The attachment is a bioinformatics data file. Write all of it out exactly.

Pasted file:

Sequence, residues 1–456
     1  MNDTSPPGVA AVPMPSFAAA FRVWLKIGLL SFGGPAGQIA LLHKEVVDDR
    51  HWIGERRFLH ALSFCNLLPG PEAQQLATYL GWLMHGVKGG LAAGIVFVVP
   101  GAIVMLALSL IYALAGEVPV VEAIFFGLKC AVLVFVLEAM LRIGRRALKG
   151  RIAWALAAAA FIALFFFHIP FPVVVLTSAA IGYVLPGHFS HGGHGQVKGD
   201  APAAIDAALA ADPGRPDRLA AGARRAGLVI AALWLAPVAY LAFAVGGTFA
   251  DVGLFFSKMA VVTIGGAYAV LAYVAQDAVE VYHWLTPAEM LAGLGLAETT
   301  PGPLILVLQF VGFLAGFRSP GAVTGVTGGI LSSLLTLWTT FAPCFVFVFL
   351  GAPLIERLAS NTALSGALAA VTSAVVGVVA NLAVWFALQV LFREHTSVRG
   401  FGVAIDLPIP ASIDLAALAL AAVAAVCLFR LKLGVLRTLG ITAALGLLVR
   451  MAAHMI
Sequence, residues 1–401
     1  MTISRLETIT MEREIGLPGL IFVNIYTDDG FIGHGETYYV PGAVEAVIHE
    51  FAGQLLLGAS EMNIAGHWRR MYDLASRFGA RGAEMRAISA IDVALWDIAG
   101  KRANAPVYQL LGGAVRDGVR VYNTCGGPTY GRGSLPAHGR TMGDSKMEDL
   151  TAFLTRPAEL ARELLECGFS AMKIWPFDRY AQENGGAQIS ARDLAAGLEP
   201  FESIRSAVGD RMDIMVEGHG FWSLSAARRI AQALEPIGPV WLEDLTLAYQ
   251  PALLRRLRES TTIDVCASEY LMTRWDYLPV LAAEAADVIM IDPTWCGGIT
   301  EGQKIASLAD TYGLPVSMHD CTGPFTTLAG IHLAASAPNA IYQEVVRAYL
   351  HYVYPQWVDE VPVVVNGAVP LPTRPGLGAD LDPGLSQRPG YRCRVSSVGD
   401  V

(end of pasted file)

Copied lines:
Sequence, residues 1–456
     1  MNDTSPPGVA AVPMPSFAAA FRVWLKIGLL SFGGPAGQIA LLHKEVVDDR
    51  HWIGERRFLH ALSFCNLLPG PEAQQLATYL GWLMHGVKGG LAAGIVFVVP
   101  GAIVMLALSL IYALAGEVPV VEAIFFGLKC AVLVFVLEAM LRIGRRALKG
   151  RIAWALAAAA FIALFFFHIP FPVVVLTSAA IGYVLPGHFS HGGHGQVKGD
   201  APAAIDAALA ADPGRPDRLA AGARRAGLVI AALWLAPVAY LAFAVGGTFA
   251  DVGLFFSKMA VVTIGGAYAV LAYVAQDAVE VYHWLTPAEM LAGLGLAETT
   301  PGPLILVLQF VGFLAGFRSP GAVTGVTGGI LSSLLTLWTT FAPCFVFVFL
   351  GAPLIERLAS NTALSGALAA VTSAVVGVVA NLAVWFALQV LFREHTSVRG
   401  FGVAIDLPIP ASIDLAALAL AAVAAVCLFR LKLGVLRTLG ITAALGLLVR
   451  MAAHMI
Sequence, residues 1–401
     1  MTISRLETIT MEREIGLPGL IFVNIYTDDG FIGHGETYYV PGAVEAVIHE
    51  FAGQLLLGAS EMNIAGHWRR MYDLASRFGA RGAEMRAISA IDVALWDIAG
   101  KRANAPVYQL LGGAVRDGVR VYNTCGGPTY GRGSLPAHGR TMGDSKMEDL
   151  TAFLTRPAEL ARELLECGFS AMKIWPFDRY AQENGGAQIS ARDLAAGLEP
   201  FESIRSAVGD RMDIMVEGHG FWSLSAARRI AQALEPIGPV WLEDLTLAYQ
   251  PALLRRLRES TTIDVCASEY LMTRWDYLPV LAAEAADVIM IDPTWCGGIT
   301  EGQKIASLAD TYGLPVSMHD CTGPFTTLAG IHLAASAPNA IYQEVVRAYL
   351  HYVYPQWVDE VPVVVNGAVP LPTRPGLGAD LDPGLSQRPG YRCRVSSVGD
   401  V